Archive for December 5th, 2010
David P. Clark’s GERMS, GENES and CIVILIZATION is a fascinating read. Clark’s main theme is that the way human beings believe history has gone may not be the whole story — instead, things like plagues, famines, venereal diseases and more (all of those fall back to some form of microbial problem — yes, even the famines, which happened in many respects due to problems with growing things, meaning that microbes had somehow affected the grains or the farm animals in question for the worse) have played a big, though unsung, part in history.
The chapter which interested me the most was the one on venereal diseases and how it’s affected history. Clark made a compelling case that when there was little venereal disease around (or “sexually-transmitted diseases” in our slightly-PC phrase), society was looser and freer and easier to deal with, with less hypocrisy. But when human society, as a whole, had trouble with VD, we ended up with the Victorian era, or something similar — in other words, a great amount of hypocrisy with little to show for it historically.
Clark also took on other issues, such as why Napoleon’s siege of Russia failed (the French Army, which camped out for a great deal of time, ran into the typical army-camp problems of dysentery and typhus and other illnesses), and why the Mongols were unsuccessful in completely conquering Rome (the same problem as the later French Army, more or less). These things happened over and over again, which is something Clark was good at pointing out — he called it the “hidden history” of the times, and believes it is an oft-overlooked aspect of why our history has gone the particular way it has (rather than prayers being answered — I got the sense that Mr. Clark is definitely an agnostic or possibly a true atheist, and believes far too much credit — and blame — goes to the Deity while science just quietly goes about its business).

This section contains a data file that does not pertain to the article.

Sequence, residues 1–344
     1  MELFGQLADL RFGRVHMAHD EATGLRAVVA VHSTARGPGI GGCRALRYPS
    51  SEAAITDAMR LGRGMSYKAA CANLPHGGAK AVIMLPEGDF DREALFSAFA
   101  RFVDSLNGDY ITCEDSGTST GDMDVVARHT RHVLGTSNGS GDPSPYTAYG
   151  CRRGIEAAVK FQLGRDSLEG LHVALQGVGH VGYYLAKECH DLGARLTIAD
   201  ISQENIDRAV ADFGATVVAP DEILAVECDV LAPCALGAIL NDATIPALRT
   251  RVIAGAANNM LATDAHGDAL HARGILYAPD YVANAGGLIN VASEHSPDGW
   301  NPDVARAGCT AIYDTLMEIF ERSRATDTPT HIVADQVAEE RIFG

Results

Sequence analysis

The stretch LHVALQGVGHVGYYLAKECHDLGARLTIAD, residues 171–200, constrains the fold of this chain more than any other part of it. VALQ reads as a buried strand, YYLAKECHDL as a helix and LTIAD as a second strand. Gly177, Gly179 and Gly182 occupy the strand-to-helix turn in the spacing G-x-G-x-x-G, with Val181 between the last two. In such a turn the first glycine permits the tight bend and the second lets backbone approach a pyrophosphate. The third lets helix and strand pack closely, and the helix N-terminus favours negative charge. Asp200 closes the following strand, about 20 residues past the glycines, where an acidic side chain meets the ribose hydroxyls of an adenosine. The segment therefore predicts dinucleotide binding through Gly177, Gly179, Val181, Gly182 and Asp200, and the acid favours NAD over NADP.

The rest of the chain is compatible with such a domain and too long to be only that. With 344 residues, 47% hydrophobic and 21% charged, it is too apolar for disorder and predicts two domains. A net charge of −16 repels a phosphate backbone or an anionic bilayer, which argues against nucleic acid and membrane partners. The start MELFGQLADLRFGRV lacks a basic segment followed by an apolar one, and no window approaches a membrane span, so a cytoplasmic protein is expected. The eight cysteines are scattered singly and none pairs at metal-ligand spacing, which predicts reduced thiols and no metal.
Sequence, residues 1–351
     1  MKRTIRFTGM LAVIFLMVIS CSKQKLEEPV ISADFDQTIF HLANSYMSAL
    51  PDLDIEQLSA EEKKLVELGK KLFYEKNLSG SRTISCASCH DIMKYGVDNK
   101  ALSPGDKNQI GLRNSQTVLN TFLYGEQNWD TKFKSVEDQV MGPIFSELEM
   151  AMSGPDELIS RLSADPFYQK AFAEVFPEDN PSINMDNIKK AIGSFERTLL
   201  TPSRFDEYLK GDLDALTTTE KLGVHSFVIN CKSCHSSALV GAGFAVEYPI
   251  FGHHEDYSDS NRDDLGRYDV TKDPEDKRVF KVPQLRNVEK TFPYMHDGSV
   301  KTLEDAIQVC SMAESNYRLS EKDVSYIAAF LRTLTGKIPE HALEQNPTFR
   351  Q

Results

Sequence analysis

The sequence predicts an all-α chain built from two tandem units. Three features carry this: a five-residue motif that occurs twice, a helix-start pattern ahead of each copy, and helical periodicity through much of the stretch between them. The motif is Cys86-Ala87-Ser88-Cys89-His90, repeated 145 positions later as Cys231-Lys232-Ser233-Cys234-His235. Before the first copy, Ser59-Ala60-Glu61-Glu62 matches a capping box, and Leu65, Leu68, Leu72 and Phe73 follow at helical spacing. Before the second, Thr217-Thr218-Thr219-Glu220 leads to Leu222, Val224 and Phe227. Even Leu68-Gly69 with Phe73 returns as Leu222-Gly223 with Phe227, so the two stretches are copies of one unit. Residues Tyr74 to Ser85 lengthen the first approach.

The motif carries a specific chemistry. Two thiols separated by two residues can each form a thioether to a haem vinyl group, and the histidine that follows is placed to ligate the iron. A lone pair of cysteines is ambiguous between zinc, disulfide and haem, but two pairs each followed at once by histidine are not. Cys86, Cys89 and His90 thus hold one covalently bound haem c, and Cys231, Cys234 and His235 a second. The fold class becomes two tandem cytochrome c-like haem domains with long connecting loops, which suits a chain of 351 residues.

GERMS, GENES AND CIVILIZATIONS is a complex, fascinating book that shows how much our present-day society is dependent upon microbes and viruses — it discusses the 1918 Spanish Flu outbreak, the more recent Swine Flu (H1N1) pandemic that flamed out, and why these things occurred the way they did, along with how some genes help with one thing (like confer a resistance to malaria) but hurt something else (like giving a person a better chance to have Cystic Fibrosis), and raises the fascinating prospect that some of our illnesses may have been created due to how the human body has reacted over time, for better or worse.
I strongly recommend GERMS, GENES AND CIVILIZATIONS; it’s an engaging work from a very bright scientist that you won’t totally agree with (I know I didn’t) but will admire and appreciate and learn something from. Please don’t let the erudition of Mr. Clark’s argument fool you — this is a book that in many cases made me laugh out loud as Mr. Clark has a sardonic sense of humor, and is a book that many people will enjoy if they only give it a chance.
–Reviewed by Barb.